We can't know what William might have been if he was brought up by a less driven father - or if someone had whacked his father a few times and made him see the obvious. Boris pushed and William broke. Would he have broken anyway? Would he have been brilliant anyway? Not only unknown, but currently unknowable.

Let us assign some modest percentage to the possibility that Norbert Wiener was fooled somehow - that reputation plus William's computational feats plus overidentification because Wiener was himself a prodigy with a driven father caused him to believe that young William was smarter than he was. The greater likelihood remains that Wiener sized him up correctly, and Sidis had it in him to contribute to 20th C mathematics at highest levels. Even at that, even granting everything, I don't see him at the very top. Smarter than anyone you are likely to run into this week, perhaps. But we are entering territory where the competition is stiff as well. There isn't evidence that William James Sidis did anything more than moderately special, he just did it younger. That's not enough. Precocity is not in itself proof.

We imagine that there is an arc to intelligence over the lifespan, and that a steeper trajectory in youth must mean a higher peak. There is some evidence for this. But in music, and athletics, in drawing, and performing, and chess, we know of examples of early promise that simply peaked before their age mates but ultimately rose no higher than the others in the top 1% in the field. Just earlier, not better. If we are going to speculate about some mind that William Sidis would have had if, we have to also take it as it is - ultimately not focused, not able to sort good ideas from bad, original but not precise.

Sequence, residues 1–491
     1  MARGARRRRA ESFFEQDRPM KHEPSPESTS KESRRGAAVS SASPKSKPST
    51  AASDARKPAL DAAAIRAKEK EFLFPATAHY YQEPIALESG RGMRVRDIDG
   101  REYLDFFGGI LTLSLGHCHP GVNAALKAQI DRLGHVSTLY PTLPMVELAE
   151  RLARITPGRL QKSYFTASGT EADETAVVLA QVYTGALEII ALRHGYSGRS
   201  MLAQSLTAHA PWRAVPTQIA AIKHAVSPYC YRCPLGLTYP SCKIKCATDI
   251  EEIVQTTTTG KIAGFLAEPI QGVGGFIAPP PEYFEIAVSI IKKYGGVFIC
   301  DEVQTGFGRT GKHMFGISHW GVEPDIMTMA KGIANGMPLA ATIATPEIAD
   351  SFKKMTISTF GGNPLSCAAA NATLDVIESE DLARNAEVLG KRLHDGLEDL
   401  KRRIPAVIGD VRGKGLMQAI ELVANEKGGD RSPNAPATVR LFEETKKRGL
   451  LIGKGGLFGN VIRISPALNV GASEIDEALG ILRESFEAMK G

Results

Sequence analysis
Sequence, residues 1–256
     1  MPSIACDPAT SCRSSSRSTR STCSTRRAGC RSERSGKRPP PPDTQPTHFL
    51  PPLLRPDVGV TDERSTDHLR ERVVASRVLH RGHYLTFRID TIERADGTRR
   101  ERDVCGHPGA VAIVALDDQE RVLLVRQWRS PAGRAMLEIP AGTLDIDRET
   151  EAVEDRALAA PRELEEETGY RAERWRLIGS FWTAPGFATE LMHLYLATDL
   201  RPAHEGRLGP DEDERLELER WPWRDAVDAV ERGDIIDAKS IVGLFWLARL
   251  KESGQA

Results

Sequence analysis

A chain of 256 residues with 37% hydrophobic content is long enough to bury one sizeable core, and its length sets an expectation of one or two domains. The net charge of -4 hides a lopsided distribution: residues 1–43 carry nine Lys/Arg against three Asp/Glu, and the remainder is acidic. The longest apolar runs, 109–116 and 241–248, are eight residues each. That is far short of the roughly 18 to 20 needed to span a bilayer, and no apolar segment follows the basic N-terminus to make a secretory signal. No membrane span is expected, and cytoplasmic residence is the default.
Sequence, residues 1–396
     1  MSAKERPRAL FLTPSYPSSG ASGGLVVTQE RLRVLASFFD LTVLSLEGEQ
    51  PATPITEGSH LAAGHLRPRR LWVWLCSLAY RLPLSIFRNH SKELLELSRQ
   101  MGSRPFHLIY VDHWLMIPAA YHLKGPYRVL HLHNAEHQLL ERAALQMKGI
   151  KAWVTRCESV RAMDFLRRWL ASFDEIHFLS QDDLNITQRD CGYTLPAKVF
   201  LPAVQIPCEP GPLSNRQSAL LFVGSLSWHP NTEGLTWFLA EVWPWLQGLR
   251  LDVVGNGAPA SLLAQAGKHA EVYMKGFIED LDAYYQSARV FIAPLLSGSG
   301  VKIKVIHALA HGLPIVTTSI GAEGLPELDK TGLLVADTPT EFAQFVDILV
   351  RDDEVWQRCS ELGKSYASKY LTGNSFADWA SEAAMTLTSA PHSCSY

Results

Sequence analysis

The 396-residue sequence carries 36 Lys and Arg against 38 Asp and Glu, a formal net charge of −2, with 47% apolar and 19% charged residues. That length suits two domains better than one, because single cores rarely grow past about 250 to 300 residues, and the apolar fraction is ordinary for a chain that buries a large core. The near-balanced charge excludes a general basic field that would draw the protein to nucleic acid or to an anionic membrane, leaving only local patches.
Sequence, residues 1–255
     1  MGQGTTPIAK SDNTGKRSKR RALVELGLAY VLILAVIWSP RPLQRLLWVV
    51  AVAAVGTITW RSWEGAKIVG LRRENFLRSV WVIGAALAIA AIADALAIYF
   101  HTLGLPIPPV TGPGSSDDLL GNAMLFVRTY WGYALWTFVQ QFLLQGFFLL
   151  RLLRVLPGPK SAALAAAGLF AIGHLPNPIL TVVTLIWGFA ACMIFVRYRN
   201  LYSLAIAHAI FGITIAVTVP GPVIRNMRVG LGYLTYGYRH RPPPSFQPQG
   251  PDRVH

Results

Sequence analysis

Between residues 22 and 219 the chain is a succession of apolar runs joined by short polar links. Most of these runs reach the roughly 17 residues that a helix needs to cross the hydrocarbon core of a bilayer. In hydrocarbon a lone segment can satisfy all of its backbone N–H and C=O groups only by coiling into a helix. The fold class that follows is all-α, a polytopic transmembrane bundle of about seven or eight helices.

So what is your estimate of his intelligence? One in a hundred? One in a thousand? A million? A billion?

3 comments:

karrde said...

I might place him at 1-in-100,000.

Mostly because it is too easy to say 1-in-a-million, and not realize that there are only 300 such people in the U.S. now. (And fewer in Sidis' day.)

Then there's the difference between capability and application thereof.

In Britain during the 1940s, a team of talented scholars worked very hard to untangle the Enigma encryption tools used by the Germans. These men built on fundamental work done by Polish mathematicians in the 1930s. The most noteworthy name among those Brits was Alan Turing, pioneer in digital computing.

In America during the same time period, a similar team of mean worked on other codes used by the Germans and Japanese. I can't recall a particular name standing out.

I'll assume Sidis had the capability to do such.

And a place like MIT would have been a good place to plug into teams working on such projects. Or even teams working on the theory of cryptography.

So why did Sidis not do so? And if he didn't, does that raise or lower his status?

Or is it just a comment on lack of motivation?

Anonymous said...

You know, I went to Harvey Mudd College in the 80's, which pulled from the top 1% or so. It was funny -- most of us had taken IQ tests in third grade for GATE. Almost all of us had the same score, 167, which turned out to be how they coded someone who maxed out the California test used at the time. (Now, with no money for gifted education, I don't think they bother giving these tests.)

In terms of what people did after graduation, I don't know that IQ was the main factor. Of the three students I knew who had National Merit Fellowships to grad school, one is now a web designer (which for us means slacker), one is a professor of physics (but not someone you'd have heard of ), and a third went into industry. An awful lot of us, regardless of major, wound up as programmers during the tech boom. Many are successful, but I don't know any from my class I would call geniuses. There is just more to it than that.

Assistant Village Idiot said...

167. Heh. I love it. It may be somewhat reasonable, as that is theoretically about 1 in 75,000. But as you note, other factors come into play. Perhaps that cut-off 167 was a good idea after all. It means "Enough, Now what?"

I have likened it to height in basketball. You need more than average (unless your speed and hand-eye are super-phenomenal), and everyone would like a little more, but the tallest players are not always the best. Other factors - speed, determination, coordination, willingness to learn - reveal themselves as additionally-needed skills.

I wrote recently about the concept of personal energy being important, perhaps even more important, in adult success.